Creating new, high value innovative products from vegetables, root and tuber crops
The value of an innovative product is determined by what the buyer or consumer thinks it is worth to them. This perceived value affects the price they are willing to pay which is not necessarily related to the actual cost of production. The creation of successful new innovative horticultural products accordingly must aim to positively influence the perceptions of the targeted consumer at the point of sale. This can be done by designing high value vegetable and related products with the principal consumer drivers in mind: namely quality, health and convenience. Other drivers such as novelty, indulgence, luxury, provenance and credence values can also add higher value if they are in accordance with consumers' own beliefs and needs. Product innovation and value can be added at any point along the value chain. Cultivar selections that enhance desired properties like health content and colour are now common. The use of organic production technology to cater to consumers' credence values is increasing as are processing options such as fresh-cut and packaging that create new convenience product forms and properties. Innovation and value can also be added by service such as selling through convenience outlets or the use of communication technologies such as QR (Quick Recognition) codes that influence consumers' perceptions of the product. The extent of added value depends on both the level of innovation or novelty of the product development and the depth of need of the consumer which will vary with their demographic and their cultural origins. Mapping the needs of the consumer against horticultural resources and options for product and service innovation can be used to create new high value products.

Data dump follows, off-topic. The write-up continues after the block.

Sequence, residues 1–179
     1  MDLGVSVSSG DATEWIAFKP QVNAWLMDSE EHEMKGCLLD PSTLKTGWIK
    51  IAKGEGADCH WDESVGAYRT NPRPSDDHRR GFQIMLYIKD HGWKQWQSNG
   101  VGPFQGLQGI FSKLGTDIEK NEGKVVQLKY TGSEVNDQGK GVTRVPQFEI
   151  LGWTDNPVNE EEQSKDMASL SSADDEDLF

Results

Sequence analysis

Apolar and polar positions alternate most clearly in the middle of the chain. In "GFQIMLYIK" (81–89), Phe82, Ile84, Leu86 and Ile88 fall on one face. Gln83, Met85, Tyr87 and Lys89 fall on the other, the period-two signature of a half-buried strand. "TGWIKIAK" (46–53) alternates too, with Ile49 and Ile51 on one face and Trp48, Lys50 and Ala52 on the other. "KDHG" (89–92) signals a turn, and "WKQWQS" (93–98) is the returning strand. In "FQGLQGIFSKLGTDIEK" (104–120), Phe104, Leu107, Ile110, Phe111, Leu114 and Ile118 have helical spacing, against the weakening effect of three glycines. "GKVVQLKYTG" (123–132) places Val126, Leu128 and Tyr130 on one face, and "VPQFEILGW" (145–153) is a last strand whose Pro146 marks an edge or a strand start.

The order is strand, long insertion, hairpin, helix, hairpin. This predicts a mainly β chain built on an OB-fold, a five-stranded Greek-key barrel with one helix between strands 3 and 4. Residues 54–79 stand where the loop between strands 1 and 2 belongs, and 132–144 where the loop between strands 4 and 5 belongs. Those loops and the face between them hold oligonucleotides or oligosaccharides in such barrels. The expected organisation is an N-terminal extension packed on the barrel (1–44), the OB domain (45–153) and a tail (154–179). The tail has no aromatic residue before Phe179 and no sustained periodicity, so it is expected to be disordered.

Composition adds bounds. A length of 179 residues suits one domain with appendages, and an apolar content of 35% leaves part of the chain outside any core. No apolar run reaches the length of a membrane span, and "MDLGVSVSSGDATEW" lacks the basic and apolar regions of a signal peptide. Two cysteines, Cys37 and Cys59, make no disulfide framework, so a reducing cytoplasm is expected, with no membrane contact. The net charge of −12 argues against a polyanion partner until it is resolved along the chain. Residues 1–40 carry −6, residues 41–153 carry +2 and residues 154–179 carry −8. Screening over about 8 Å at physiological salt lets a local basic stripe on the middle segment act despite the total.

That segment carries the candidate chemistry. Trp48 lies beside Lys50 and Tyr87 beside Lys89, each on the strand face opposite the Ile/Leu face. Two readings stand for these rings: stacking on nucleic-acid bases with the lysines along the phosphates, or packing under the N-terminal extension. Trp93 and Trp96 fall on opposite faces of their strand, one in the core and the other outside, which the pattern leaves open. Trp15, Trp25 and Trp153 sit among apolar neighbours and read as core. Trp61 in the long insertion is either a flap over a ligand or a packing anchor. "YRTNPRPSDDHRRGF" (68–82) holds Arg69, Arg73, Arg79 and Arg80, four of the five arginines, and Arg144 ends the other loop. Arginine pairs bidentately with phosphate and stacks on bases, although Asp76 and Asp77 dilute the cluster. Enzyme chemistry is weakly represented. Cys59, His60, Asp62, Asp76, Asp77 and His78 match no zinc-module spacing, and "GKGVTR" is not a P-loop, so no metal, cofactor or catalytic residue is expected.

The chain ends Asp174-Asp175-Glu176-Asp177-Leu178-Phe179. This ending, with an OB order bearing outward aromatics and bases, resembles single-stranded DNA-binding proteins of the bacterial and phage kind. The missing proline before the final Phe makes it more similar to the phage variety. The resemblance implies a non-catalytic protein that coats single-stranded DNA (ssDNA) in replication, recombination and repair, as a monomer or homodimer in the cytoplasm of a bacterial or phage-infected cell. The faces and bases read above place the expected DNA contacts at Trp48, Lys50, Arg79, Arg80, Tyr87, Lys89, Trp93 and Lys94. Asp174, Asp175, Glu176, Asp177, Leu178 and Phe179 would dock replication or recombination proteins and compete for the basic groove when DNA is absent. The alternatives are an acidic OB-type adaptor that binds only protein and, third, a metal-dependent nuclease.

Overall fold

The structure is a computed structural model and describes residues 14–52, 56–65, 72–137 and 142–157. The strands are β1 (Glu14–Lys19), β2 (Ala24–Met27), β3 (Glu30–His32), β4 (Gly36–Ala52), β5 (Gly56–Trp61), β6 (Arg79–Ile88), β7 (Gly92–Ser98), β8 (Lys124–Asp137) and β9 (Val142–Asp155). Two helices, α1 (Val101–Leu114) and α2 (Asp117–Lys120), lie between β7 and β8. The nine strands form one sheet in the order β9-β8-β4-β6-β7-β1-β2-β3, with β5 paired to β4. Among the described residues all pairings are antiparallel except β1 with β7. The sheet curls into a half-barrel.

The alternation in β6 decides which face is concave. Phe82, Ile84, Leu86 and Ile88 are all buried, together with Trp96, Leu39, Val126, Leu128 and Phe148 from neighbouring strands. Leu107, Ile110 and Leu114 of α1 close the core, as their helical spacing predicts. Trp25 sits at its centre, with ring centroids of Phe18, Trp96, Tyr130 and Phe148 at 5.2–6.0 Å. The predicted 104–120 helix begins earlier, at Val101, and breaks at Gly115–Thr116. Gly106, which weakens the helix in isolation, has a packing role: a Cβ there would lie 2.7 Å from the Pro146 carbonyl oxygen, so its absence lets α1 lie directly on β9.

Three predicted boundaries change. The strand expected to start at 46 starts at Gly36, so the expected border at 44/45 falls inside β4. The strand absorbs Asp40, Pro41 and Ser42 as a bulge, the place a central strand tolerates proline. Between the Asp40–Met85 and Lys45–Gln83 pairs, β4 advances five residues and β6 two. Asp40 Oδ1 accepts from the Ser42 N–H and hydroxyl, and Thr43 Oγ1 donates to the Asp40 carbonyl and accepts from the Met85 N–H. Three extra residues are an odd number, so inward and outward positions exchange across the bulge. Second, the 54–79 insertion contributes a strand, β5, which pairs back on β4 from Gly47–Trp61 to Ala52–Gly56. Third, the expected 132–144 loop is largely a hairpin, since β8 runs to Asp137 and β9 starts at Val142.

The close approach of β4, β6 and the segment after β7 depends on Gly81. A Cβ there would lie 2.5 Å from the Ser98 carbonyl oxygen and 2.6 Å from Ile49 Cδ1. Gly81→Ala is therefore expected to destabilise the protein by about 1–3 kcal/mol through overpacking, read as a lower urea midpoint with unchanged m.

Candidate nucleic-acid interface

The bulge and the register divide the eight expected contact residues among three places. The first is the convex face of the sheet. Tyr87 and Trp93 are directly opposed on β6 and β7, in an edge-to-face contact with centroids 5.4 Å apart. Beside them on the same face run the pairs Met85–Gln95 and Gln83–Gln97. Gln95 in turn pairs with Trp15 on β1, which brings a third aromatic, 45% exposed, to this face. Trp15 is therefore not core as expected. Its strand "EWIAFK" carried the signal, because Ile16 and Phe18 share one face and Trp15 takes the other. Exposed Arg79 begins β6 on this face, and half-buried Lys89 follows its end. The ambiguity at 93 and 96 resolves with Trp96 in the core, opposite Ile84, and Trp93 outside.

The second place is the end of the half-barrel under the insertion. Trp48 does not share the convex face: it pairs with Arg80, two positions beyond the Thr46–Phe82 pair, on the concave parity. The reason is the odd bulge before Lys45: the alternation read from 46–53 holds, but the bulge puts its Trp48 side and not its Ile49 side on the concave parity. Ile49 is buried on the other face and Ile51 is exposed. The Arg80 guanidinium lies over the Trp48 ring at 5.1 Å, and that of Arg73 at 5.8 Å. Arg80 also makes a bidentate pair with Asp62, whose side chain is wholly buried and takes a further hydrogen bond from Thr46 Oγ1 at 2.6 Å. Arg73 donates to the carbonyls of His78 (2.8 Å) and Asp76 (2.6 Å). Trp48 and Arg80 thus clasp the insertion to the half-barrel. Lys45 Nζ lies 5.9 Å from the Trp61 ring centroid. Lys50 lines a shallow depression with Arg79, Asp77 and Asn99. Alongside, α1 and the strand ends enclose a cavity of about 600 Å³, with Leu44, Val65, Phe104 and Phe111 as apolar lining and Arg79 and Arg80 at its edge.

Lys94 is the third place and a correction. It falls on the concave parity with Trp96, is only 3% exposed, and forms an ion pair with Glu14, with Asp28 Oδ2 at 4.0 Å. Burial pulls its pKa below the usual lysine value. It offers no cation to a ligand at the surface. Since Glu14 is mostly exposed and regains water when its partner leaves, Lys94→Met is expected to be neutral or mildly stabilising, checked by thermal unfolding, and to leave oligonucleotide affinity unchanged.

Stanley, R.A. (2016). Creating new, high value innovative products from vegetables, root and tuber crops. Acta Hortic. 1123, 1-6
consumers, health, convenience, provenance, horticulture, fresh-cut, processing